“Most Scholars saw the LXX as inferior to the Hebrew Bible called the Masoretic Text (MT). With the discovery of the Dead Sea Scrolls, this all changed. Ancient Hebrew scrolls were found that follow the LXX, not the Masoretic Text. The DSS showed that the LXX had an underlying Hebrew Text that was different from the MT.”
“There was a time when many Protestant scholars assumed that the Septuagint was an often loose translation of the Hebrew text, and that when it differed from the Masoretic Text, it was due to changes made by the translators. However, since the discovery of the Dead Sea Scrolls, we now know that the Septuagint is based on a different, and older Hebrew text than the Masoretic text.”
“The Masoretic Text is the traditional Hebrew text of the Jewish bible, “This monumental work was begun around the 6th century ad and completed in the 10th by scholars at Talmudic academies in Babylonia and Palestine.” (1). Right on the outset, the question arises why do Christians value the translation of scholars at the Talmudic academy? The Talmud that blasphemes our Lord Jesus Christ saying He is burning in hell
Non-Christian Jews began making changes to the Old Testament texts to undermine the Christian use of prophecies concerning Jesus Christ, it makes no logical sense as to why their translation should be held above that which the apostles themselves used.”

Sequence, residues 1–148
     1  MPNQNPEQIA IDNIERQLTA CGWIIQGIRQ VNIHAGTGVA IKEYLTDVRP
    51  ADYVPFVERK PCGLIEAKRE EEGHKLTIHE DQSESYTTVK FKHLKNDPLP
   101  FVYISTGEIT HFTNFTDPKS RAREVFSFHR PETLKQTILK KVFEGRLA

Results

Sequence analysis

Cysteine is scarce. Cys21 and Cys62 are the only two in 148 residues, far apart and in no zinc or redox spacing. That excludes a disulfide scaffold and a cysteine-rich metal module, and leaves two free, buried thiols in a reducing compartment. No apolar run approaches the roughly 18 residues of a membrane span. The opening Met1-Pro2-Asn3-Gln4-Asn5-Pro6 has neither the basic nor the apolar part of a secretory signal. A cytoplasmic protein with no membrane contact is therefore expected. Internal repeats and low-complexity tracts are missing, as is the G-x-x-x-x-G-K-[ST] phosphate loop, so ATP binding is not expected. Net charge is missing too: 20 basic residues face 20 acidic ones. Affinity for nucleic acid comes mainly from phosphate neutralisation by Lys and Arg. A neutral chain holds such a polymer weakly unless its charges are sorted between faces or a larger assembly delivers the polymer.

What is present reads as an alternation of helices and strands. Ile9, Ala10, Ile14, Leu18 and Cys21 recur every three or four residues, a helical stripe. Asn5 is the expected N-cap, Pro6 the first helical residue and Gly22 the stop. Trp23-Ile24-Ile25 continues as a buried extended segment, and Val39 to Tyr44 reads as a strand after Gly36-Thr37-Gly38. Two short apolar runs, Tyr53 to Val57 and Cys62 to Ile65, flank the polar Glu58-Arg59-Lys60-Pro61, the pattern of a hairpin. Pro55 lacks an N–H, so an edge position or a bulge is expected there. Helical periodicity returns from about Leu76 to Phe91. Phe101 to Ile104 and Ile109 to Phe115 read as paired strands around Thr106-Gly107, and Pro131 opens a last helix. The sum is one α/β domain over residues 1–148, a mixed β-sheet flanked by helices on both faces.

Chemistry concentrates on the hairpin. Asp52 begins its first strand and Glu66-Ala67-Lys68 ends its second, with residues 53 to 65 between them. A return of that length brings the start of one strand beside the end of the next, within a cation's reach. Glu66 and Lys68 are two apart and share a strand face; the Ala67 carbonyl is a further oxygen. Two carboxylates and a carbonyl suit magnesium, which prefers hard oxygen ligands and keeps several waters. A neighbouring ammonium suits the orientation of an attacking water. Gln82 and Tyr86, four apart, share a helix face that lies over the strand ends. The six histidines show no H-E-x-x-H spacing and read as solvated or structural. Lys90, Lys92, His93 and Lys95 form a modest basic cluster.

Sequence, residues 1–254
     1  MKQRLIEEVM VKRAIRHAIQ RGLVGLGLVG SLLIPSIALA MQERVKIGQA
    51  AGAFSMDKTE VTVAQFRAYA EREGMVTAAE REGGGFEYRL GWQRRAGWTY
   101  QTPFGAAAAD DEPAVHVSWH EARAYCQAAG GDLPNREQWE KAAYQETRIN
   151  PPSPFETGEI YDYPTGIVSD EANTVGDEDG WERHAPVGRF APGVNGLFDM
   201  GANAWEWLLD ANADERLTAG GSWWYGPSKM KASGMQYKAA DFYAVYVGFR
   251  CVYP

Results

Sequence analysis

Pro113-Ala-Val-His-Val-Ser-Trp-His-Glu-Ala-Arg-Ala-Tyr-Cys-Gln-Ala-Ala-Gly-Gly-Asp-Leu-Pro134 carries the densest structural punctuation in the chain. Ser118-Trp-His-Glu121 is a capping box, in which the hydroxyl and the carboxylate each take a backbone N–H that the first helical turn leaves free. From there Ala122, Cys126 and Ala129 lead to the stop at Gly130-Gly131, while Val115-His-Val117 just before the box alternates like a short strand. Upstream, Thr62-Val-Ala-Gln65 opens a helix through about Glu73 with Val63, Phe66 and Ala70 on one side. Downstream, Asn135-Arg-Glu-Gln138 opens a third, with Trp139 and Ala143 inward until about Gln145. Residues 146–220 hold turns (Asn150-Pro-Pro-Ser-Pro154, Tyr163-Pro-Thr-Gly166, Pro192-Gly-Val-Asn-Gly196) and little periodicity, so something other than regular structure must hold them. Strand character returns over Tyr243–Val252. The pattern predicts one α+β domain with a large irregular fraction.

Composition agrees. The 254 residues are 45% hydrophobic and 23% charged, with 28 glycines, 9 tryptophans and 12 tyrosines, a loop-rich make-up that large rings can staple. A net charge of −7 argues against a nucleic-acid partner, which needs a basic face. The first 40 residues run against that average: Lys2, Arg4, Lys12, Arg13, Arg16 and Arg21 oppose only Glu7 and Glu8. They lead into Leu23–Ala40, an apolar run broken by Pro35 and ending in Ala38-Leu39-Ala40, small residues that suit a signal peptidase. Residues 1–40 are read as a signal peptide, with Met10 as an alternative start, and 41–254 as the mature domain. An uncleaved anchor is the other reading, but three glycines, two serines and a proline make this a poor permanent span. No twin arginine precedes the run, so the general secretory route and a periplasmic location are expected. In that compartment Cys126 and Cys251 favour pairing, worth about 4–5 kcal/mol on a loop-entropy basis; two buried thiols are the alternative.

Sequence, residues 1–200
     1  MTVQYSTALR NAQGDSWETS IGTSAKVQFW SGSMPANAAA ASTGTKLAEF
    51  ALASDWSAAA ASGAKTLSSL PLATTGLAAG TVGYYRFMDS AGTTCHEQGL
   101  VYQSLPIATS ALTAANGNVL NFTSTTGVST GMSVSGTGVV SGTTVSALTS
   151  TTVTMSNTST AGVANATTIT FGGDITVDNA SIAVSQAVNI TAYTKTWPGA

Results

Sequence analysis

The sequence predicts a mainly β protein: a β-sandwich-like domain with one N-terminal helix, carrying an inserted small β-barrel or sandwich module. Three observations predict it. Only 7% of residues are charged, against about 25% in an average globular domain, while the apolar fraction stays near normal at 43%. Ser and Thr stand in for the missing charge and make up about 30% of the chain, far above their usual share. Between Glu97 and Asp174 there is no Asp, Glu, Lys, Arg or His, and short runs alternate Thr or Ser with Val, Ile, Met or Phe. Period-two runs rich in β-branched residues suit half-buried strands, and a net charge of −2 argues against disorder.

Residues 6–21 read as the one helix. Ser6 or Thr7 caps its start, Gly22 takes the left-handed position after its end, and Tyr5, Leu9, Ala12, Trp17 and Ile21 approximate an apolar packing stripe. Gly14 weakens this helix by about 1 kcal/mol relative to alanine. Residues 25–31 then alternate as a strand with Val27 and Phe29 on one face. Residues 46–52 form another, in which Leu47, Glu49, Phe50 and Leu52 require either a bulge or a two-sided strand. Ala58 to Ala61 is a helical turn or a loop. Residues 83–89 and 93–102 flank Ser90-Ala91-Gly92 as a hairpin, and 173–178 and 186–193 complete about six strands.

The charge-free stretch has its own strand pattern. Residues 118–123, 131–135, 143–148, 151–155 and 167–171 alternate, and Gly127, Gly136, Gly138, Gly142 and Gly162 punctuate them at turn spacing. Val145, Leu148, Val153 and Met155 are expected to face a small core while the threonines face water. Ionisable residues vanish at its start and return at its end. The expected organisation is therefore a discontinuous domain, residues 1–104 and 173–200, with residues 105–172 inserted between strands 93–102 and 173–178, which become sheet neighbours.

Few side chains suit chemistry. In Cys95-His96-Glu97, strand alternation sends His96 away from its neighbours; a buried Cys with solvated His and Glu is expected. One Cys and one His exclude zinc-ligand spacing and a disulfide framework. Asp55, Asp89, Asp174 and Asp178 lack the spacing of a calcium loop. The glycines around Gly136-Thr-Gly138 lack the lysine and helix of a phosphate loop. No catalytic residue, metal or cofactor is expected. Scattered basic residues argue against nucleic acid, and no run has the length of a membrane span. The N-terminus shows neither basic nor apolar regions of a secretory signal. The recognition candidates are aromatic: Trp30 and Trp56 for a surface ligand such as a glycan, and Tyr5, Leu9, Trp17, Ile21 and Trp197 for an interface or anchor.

“The Masoretes admitted that they received corrupted texts to begin with. They combined the consonants of the Tetragrammaton (YHWH ) with the vowels of ‘Adonai’ and created the bastard word ‘YEHOVAH’ which became the more familar ‘JEHOVAH’, which literally translates ‘Jah is perverse’, a blasphemy if ever there was one.”
“First, we must be open and honest. Yes, while we’ve found many errors in the Hebrew text, the Greek Septuagint text is hardly perfect. It also has some errors (they become clear in translating). We are also well aware that we’re producing a translation of a translation (from Hebrew/Aramaic to ancient Greek, and then from ancient Greek to modern English). The accuracy of our translation can’t be any better than the accuracy of the original translation. Also, there are several different versions of the Septuagint text that have key differences.